‘I love slide,’ cries my son with greater emotion than he has ever mustered for me, the man who has fed and clothed him since birth, not to mention facilitated 90% of every slide interaction he’s ever had.
We’re at the playground. Not Big Playground, which is what we call the sprawling, Byzantine ludoplex in the larger park 15 minutes away, that has six slides, eight swings and little wooden forts. No, this is Little Playground, the smaller, more local one. It’s not my son’s favourite, but we like it because it’s less busy, which means he can use anything he wants – and I don’t have to talk to as many other parents.
Please understand, my problem is not with them, but my own newfound inability to make small talk. I revert to platitudes of such serene blandness I hate myself as I’m saying them. ‘He just loves this slide,’ I say to the mum beside me, as my son uses the slide he loves. She laughs and agrees, which is actually mad because her daughter also loves that slide, which sets me laughing, too, because, really, what are the chances?
Big Playground, on the other hand, teems with people at all times, each of whom – adult and child alike – seems on the edge of an extremely newsworthy nervous breakdown. Last time I went to Big Playground there were, conservatively, 8 million people present, and mayhem reigned in all directions. Here, children eating sand while their dads extract another’s head from a climbing frame. There, a mum begging her now shoeless son to be careful as he goes down a giant metal loop-de-loop, face-first with his tongue out. It’s basically a Hieronymus Bosch painting with swings. Going there to relax with a child makes about as much sense as going to Stansted airport for a coffee.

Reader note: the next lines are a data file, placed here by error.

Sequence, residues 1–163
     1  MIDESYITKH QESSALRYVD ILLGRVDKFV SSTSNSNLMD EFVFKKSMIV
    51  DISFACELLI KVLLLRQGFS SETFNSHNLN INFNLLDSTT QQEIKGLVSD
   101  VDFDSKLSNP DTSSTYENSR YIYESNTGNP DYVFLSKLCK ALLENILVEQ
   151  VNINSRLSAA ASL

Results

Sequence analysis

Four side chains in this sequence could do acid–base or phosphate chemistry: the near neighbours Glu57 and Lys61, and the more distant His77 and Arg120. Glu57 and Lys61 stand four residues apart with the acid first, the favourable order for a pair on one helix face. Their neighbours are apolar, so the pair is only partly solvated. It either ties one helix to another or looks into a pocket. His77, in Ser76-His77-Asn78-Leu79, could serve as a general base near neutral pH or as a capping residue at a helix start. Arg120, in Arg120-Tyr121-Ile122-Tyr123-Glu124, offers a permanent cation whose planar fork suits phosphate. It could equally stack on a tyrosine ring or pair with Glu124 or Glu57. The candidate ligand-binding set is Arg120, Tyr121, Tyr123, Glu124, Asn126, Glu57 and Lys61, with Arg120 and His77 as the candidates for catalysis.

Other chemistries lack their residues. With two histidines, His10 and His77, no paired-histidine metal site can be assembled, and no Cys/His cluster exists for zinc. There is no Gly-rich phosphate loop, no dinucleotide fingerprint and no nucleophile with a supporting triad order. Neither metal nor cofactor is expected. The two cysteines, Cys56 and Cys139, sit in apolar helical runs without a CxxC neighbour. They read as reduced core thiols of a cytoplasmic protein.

We operate under the polite fiction that none of the rules apply to playgrounds, which suits me fine. Nobody wants to see toddlers wearing face masks – except that kid with his tongue out – but it does give all these interactions a sense of famine and feast. We spend most of our lives fastidiously cleaning, wiping, washing and sterilising, and encountering as few people as is legally permissible, before breaking this rhythm with occasional half-hour bouts of preschool hedonism. It’s like spending six days a week in a Trappist monastery and popping to Burning Man each Sunday.
Sometimes, of course, Little Playground is completely deserted, which is disconcerting in its own way. There’s something eerie about an empty playground, the ineffable sense that people in hazmat suits may have just finished packing away the police tape 15 minutes before you arrived. Or that some day a wizened, wise old woman will point a spindly finger in our direction and tell us, with mounting horror, that we must leave this cursed place immediately.
‘Haha, it’s all right,’ I’d probably say. ‘He just loves this slide.’
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